FINANCIAL INCLUSION

The Indian growth story is advancing to great heights since quite some time and there is little doubt about its potential for further growth. Demographic dividend which our country enjoys creates lots of responsibilities for government in terms of empowering them with adequate resources. Government of largest democracy has got herculean task in hands to bring entire population under organized banking net. India can make mark in global economy by empowering the disadvantaged population.

Financial Inclusion assumes great importance in light of country’s vision to become a growth engine. India is a home to unbanked population of around 47%. Financial exclusion leads to lower investment, increased unemployment and availing credit from money lenders at exorbitant interest rates. Banks are also advised to make available “no-frills” account with low balances and less stringent KYC requirements to expand the reach of account to large section of population. Self Help Groups (SHG) have played major role in indirectly linking rural people to organized banking. SHGs are group of women who pools savings and gives loans to member.  In 2014 government launched Pradhan Mantri Jan Dhan Yojana (PMJDY) to ensure access to financial services, namely Banking Savings & Deposit Accounts, Remittance, Credit, Insurance and Pension in an affordable manner.

Technology can play crucial role in driving financial inclusion of under banked as well as unbanked population in the country. It is financially unviable for banks to open branches in each and every district instead resources should be diverted in improving online infrastructure.  Government launched Digital India campaign in 2015 with an aim to provide financial and social services seamlessly to citizens. Digitalization and financial inclusion are closely connected as former increases the reach of bank to wider section of people with lower operating cost. RBI has strengthened Unified Payment Interface (UPI) to facilitate digital money transfers and has developed mobile app named BHIM which allows users to send or receive money to other UPI payment addresses or scanning QR code or account number with IFSC code or MMID (Mobile Money Identifier) code to users who do not have a UPI-based bank account. Banks should make effective use of information and communication technology (ICT) to provide doorstep banking service through BC model where accounts can be operated by illiterate customers by using biometrics. Government is also planning to transfer subsidies directly to targeted group through Jan Dhan-Aadhar, Mobile (JAM) to plug leakages in delivery of welfare scheme. Creation of digital economy will bring transparency in system and increase the tax revenues which can be utilized by government in fostering inclusive growth. Many unbanked economies such as Kenya and Bangladesh have use mobile phone in a major way as a catalyst for enabling people to shift for enabling people shift to online money transfers and payments. India has to make most of its mobile penetration to bring entire population to digital platform. India’s leading credit rating agency has come up with an index to measure financial inclusiveness named “Inclusix”. The index gives rating using 0-100 scale on basis of branch, credit and deposit penetration. The present score is 40.1 which is quite low but has definitely improved from where it was 2 years back.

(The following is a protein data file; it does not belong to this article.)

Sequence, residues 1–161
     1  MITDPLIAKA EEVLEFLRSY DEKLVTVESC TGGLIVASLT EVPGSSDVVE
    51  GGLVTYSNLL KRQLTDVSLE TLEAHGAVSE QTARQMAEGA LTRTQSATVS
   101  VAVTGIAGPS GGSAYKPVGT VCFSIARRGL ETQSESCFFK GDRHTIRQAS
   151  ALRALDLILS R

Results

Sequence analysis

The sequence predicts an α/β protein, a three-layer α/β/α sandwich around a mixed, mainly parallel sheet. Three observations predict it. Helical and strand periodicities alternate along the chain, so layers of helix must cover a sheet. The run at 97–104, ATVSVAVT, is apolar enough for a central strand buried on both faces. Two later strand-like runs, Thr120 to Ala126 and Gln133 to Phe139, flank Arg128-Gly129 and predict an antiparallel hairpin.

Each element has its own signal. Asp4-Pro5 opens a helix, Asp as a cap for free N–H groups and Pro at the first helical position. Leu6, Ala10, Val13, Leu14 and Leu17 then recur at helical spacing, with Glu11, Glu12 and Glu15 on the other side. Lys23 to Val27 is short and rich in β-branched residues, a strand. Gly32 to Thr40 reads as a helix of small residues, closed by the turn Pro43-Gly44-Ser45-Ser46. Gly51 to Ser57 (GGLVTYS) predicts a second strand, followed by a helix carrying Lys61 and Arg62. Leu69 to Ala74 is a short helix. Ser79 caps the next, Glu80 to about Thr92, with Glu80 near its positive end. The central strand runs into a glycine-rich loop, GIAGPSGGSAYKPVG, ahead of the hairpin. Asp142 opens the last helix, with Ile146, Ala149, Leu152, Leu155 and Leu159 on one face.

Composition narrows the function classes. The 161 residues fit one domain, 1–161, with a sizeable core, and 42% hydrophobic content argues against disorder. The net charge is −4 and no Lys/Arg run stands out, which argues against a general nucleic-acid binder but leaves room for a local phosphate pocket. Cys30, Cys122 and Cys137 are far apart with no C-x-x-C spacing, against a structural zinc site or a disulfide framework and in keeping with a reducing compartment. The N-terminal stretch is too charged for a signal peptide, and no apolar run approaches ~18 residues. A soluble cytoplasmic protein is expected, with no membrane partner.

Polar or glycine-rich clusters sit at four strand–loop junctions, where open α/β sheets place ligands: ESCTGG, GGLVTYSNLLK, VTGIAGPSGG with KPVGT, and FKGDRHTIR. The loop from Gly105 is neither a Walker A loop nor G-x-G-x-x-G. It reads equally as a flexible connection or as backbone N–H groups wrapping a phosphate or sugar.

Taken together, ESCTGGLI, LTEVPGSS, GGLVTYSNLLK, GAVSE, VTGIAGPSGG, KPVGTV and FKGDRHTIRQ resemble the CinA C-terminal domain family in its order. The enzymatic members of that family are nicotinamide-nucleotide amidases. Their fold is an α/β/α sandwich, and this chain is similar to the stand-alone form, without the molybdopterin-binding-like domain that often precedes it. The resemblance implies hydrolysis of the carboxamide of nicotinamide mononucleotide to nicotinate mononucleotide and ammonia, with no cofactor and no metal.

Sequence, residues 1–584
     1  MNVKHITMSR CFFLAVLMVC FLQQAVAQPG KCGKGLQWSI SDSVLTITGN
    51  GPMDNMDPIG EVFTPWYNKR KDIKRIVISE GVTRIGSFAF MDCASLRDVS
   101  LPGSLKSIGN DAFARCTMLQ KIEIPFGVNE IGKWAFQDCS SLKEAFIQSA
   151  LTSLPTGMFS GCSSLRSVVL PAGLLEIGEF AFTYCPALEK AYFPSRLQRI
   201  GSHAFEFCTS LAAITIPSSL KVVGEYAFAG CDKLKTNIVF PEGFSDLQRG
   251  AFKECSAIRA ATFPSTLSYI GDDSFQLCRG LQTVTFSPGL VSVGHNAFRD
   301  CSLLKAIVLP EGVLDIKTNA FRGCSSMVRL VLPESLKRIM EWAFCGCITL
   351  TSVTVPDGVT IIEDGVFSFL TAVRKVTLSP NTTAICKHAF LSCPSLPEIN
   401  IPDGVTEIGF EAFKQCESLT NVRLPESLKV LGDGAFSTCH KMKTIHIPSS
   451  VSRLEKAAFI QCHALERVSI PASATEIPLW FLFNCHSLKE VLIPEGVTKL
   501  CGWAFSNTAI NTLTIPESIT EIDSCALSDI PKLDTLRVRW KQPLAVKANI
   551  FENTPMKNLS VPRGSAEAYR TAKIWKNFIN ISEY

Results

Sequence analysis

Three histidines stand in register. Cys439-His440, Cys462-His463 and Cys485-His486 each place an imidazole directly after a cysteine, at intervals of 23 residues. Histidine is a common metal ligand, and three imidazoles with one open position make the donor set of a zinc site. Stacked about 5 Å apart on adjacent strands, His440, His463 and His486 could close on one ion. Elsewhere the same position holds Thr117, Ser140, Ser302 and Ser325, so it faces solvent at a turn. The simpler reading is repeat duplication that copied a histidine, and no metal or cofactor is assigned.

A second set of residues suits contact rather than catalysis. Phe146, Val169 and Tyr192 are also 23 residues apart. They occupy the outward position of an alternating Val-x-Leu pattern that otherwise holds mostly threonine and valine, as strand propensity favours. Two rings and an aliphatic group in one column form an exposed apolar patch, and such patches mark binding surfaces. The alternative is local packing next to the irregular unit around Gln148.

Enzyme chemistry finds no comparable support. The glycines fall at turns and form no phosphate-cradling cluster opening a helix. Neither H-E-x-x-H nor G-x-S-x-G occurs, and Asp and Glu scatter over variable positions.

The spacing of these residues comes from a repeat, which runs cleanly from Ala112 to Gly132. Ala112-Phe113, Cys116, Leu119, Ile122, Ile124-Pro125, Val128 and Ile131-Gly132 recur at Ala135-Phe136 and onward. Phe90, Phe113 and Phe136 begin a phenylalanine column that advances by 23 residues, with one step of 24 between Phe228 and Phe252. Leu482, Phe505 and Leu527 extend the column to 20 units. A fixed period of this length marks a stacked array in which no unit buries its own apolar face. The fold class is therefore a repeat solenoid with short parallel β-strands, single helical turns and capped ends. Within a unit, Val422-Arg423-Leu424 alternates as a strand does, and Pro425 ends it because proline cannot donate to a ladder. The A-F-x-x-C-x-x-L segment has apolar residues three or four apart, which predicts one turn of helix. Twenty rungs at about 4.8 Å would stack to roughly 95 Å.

For India to be a global powerhouse it will need its parallel economy to be integrated with mainstream economy. Digitalization has great potential of breaking back of shadow economy and producing higher GDP growth. If digital ecosystem is successfully established then it won’t be far when government’s agenda of financial inclusion will become a reality. Narendra Modi cited “I see technology as a means to empower and as a tool that bridges distance between hope and opportunity”.

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BY: CHINTAN MATALIA

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